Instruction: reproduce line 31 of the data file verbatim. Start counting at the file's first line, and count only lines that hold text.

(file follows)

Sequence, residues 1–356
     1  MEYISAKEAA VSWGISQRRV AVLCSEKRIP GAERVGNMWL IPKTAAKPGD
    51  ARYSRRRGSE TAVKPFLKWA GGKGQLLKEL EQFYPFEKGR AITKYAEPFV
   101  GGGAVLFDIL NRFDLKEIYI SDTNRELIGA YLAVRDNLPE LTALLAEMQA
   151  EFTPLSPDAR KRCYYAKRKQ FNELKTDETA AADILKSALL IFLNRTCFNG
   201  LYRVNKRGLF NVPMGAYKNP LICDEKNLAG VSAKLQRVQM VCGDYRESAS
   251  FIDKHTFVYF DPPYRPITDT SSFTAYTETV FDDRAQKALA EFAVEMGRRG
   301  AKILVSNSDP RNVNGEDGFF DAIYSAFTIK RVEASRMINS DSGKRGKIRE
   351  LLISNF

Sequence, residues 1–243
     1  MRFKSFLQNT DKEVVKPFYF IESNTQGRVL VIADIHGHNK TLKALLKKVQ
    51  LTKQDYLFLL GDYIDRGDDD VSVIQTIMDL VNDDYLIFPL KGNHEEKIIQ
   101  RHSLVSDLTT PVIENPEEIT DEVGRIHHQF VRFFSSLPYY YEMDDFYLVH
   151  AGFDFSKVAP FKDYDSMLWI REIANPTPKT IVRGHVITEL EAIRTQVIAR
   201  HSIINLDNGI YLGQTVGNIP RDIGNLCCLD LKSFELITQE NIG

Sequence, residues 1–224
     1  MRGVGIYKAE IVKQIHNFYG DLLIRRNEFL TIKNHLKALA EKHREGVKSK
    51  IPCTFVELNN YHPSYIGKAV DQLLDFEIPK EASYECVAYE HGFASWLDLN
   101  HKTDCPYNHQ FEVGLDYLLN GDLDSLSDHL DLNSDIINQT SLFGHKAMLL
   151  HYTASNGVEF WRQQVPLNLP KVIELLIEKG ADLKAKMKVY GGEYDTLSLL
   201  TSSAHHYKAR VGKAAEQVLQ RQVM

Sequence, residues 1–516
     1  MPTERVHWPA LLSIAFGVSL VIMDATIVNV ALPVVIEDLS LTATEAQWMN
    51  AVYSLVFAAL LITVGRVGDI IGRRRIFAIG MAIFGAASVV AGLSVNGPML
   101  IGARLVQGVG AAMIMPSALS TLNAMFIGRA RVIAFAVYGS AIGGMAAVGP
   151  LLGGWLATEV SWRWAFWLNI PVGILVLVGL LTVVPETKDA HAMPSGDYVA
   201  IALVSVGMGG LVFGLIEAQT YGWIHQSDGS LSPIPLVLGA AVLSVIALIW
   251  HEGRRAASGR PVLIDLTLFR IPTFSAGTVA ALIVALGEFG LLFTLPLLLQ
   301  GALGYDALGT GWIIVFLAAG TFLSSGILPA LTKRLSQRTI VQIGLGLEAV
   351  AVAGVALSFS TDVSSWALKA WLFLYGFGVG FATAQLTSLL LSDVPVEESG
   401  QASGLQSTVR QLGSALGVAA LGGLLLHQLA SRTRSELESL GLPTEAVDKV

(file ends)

   401  QASGLQSTVR QLGSALGVAA LGGLLLHQLA SRTRSELESL GLPTEAVDKV